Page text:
Nearly 12 million people in the UK are still not saving enough money to fund their retirement, according to alarming new research from the Department for Work and Pensions (DWP).

The stark reality is that without making some significant changes to their saving habits, many people will be forced to work well into their old age, if indeed they are able to do so, to avoid significantly compromising their lifestyles – or worse living on the breadline – when they do eventually come to retire.

The DWP research highlights that just half of the 11.9m people in the UK included in these statistics are currently on the right track to reaching their retirement income objectives, with others less than half way there.  And yet these individuals could, the report finds, protect their future in retirement if they had a sound, financial strategy in place now.

So, with this in mind, what effects will be generated from the government’s recent pensions reforms and modifications?  Will they improve the somewhat bleak outlook?

One of the main changes set out in this year’s Budget is in regards to the provision of free impartial guidance to people who will soon be able to have unrestricted access to their pension savings.  This new legislation is, in my opinion, the exact opposite of what a pension is supposed to be, i.e. providing income to fund retirement.  And this ‘one-size-fits-all’ government guidance could lead to a whole host of potential problems in the future, as it will not be tailored towards people’s specific goals and financial requirements. It will be as deVere Group’s founder and CEO, Nigel Green, said “dangerously generic.”

Following the Chancellor’s announcement in this year’s Budget that life expectancy estimates are to be included within the at-retirement advice, deVere United Kingdom’s Head of Financial Planning, Kevin White, commented: “If someone has £100,000 and they buy an annuity and receive £500 per month, but these new guidelines suggest that they will live for another decade, then there could be the temptation to spend £10,000 a year and have nothing remaining should they be fortunate to live for another 10 years.”

The after-effects of this could be devastating during ‘the mature years’.

Another initiative that is having serious unintended consequences for people across the country is the Retail Distribution Review (RDR), which was rolled out last year.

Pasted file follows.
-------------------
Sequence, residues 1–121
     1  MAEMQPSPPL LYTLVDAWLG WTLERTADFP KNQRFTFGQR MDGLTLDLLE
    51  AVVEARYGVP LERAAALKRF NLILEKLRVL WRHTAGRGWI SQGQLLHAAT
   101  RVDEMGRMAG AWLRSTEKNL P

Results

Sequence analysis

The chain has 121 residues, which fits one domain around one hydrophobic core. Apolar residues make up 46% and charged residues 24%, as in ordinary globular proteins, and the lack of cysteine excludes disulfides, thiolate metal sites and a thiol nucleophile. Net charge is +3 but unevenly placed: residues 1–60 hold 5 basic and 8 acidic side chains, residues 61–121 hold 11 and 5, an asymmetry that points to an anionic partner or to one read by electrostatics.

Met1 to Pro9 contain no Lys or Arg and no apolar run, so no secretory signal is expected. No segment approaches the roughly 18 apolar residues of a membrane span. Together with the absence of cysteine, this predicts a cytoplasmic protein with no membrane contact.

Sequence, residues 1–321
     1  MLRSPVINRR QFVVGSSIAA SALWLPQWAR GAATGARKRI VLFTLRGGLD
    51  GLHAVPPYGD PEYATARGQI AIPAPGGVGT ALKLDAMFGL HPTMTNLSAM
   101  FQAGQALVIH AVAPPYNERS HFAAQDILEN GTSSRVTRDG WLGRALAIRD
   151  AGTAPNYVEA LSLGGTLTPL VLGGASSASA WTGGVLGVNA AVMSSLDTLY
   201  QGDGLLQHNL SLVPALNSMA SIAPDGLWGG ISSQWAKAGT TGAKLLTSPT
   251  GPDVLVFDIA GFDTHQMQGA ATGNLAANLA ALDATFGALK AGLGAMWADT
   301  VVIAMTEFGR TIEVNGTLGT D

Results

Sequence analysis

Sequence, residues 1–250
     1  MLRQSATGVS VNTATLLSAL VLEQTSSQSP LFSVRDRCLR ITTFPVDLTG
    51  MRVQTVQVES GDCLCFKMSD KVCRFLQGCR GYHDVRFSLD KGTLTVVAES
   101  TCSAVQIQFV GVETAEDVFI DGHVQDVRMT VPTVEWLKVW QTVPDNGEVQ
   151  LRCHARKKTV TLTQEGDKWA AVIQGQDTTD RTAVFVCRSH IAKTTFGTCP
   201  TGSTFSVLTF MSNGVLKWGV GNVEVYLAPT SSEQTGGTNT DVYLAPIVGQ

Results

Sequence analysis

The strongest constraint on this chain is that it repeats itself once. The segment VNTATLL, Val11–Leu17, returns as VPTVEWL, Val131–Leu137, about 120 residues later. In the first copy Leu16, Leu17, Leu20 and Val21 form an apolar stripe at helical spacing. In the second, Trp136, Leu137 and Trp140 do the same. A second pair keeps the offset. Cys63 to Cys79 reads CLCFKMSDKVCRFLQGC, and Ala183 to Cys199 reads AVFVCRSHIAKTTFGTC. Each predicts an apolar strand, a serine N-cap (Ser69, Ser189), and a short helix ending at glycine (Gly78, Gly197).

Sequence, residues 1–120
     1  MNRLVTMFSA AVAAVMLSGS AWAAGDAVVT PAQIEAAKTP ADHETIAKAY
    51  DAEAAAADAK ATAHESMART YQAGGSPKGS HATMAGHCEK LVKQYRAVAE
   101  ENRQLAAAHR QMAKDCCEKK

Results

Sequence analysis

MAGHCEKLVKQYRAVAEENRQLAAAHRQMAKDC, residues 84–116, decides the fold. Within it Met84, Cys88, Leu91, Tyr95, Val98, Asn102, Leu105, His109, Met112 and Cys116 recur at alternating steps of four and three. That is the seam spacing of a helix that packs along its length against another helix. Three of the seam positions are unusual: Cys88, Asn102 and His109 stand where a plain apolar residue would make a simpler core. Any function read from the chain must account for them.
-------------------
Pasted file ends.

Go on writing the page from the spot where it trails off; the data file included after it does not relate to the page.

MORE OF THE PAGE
Since the Financial Services Authority introduced RDR, the supply of independent financial advice has dwindled as a number of major banks and advisory firms are only offering ‘restricted’ advice to avoid the more stringent regulations associated with RDR.  Although the aim is to reduce mis-selling and drive industry standards higher overall, RDR has left many people, typically those less affluent, in an ‘advice black hole’, with many deciding to ‘go it alone’ – and again, this can have potentially disastrous long-term financial consequences.

At a time when we’re all living longer, when the cost of living is increasing, and when there are constant changes of the pensions and taxation systems, taking control of your pension and making retirement planning a personal responsibility has never been more important. Indeed, it is now vital.

Seeking professional, independent financial advice is almost universally regarded as the best option when it comes to saving for the future and securing financial freedom in later life, and to avoid dramatically ‘down-sizing’ retirement plans and side-stepping the threat of poverty in your golden years.

This research by the DWP drives home the significance of saving for retirement, and to start putting money aside in your pension pot as early as possible in your working life in order to have the ability to enjoy a comfortable, desired retirement.

As Mitch Hopkinson, Head of East Midlands at deVere United Kingdom summarises: “If you leave it too late you could find that you have to save a lot more, or worse still put your retirement date back in order to increase the length of time you have to save.”

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